The former judgement might have assumed that in the event of a negative determination by Euro parliaments, Mr. Varoufakis would quickly rewrite his letter. But to presume that and that nothing else would occur—despite the heated GreekEuro negotiations, the ongoing bank run, the prospect of ELA suspension, and broader peripheral political contagion—would have been to presume a great deal. The alternative explanation—the judgement that Grexit, if it occurred, would not be systemic—would contradict the IMF’s own detailed analysis of the Eurozone financial system.

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WHy should they act like the others, when the others is exactly who they don’t want to be?

Greek Officials Have Ruffled Feathers In Brussels Over Diplomatic Manners (AFP)

Strapped for cash and under pressure to deliver on reforms, Greece’s new radical government has ruffled feathers in Brussels by not respecting the diplomatic niceties of the negotiating table. From 40-year-old Prime Minister Alexis Tsipras downwards, Greek officials have gone into EU meetings in fighting mood, their hard talk taking many by surprise and leaving some aghast. Tsipras startled fellow European leaders on Saturday when he spoke of a “trap by aggressive conservative forces” led by an “axis” of Spain and Portugal to undermine the month-old Greek government by cutting off EU funds. Tsipras’ outburst was termed “unusual foul play” by Berlin, and German Finance Minister Wolfgang Schaeuble this week told the broadcaster ARD: “Greece has made its position worse with a rhetoric that is difficult for someone on the outside to understand.”

Maverick Finance Minister Yanis Varoufakis and bullish Foreign Minister Nikos Kotzias have also been involved in clashes as they insisted on Greece’s right to be treated as an equal partner despite its debts to the other members of the eurozone. “Some people thought that Greece should continue to be slapped around, as it had been for the past five years. We will no longer be slapped around,” Kotzias told Greek radio Alpha last week. A former communist, Kotzias in January forced EU foreign ministers to adopt a more conciliatory statement on Russian sanctions over the crisis in Ukraine. “We have the right to strengthen our relations with whichever state we think would benefit our country. We will not raise our hand for permission, like a pupil in class,” the minister said.

At a series of eurozone finance ministers meetings last month to hammer out a four-month loan extension for Athens, the Greeks again exasperated their peers by leaking draft documents and shedding light on secret negotiations. “It’s terrible – the Greeks seem to live on another planet,” a frustrated European official said after the first of three Eurogroup meetings ended in acrimony. The writing had been on the wall from when new finance minister Varoufakis had his first meeting in Athens with austere Eurogroup chief Jeroen Dijsselbloem on January 30. At the end of a frosty press conference – during which Varoufakis said Greece would no longer cooperate with EU-IMF auditors – Dijsselbloem stormed off to the joy of Greek social media, which had a field day with the spat. “Baldie, bring your crew to the square in Brussels in one hour,” the bespectacled Dutchman tells shaven-headed Varoufakis in a popular mock photo of the scene that did the rounds. “Four-eyes, I’ll break you in two like a twig,” Varoufakis responds.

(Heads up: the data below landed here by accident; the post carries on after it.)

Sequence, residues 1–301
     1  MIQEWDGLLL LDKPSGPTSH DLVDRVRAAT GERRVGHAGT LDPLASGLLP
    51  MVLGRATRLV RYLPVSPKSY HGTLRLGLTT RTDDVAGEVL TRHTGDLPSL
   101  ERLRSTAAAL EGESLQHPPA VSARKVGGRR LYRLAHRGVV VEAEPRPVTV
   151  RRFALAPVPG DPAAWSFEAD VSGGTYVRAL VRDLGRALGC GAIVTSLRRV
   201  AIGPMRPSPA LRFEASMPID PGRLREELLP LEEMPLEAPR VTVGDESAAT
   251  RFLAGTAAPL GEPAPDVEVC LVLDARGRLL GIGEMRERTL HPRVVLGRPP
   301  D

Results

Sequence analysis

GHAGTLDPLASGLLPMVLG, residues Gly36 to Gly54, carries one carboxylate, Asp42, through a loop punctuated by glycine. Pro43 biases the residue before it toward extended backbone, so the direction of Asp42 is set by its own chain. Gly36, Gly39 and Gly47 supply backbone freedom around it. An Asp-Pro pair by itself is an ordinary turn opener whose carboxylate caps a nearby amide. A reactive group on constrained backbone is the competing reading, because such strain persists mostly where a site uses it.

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Going down in the race to the bottom.

Denmark Can’t Print Money Fast Enough (Bloomberg)

Denmark is unleashing huge amounts of ammunition in its battle to prevent the krone from appreciating. The cost of the campaign, though, suggests that any renewed assault by speculators could require an even more aggressive response — capital controls. The nation revealed yesterday that its foreign currency reserves soared by 173 billion kroner ($26 billion) in February – the biggest increase ever. The central bank has been cranking up the printing presses, minting domestic currency for sale on the foreign exchange market to stop the krone from straying too far from its target rate of about 7.46 per euro. As it offloads kroner, the central bank buys foreign currencies, which go into a reserve account that held a record 737 billion kroner last week.

Those sales, combined with four rate cuts this year – driving the benchmark deposit rate to minus 0.75% – are deterring traders from betting they can make money pushing the currency higher: The initial pressure on Denmark’s currency came after Switzerland abandoned its currency peg in January, and as the European Central Bank’s plan to unveil a government bond-buying program discouraged investors from wanting to own the euro. The Danish government says it’s determined not to let its exports take a hit from currency appreciation. But prices in the derivatives market suggest the war isn’t over. Traders who buy and sell contracts to speculate on where the krone will be in a year’s time are still anticipating it will strengthen. The current bet is for a 0.8% variation from the target rate, which is still within the official 2.25% range the central bank says it will tolerate, but outside the 0.5% band it has typically maintained.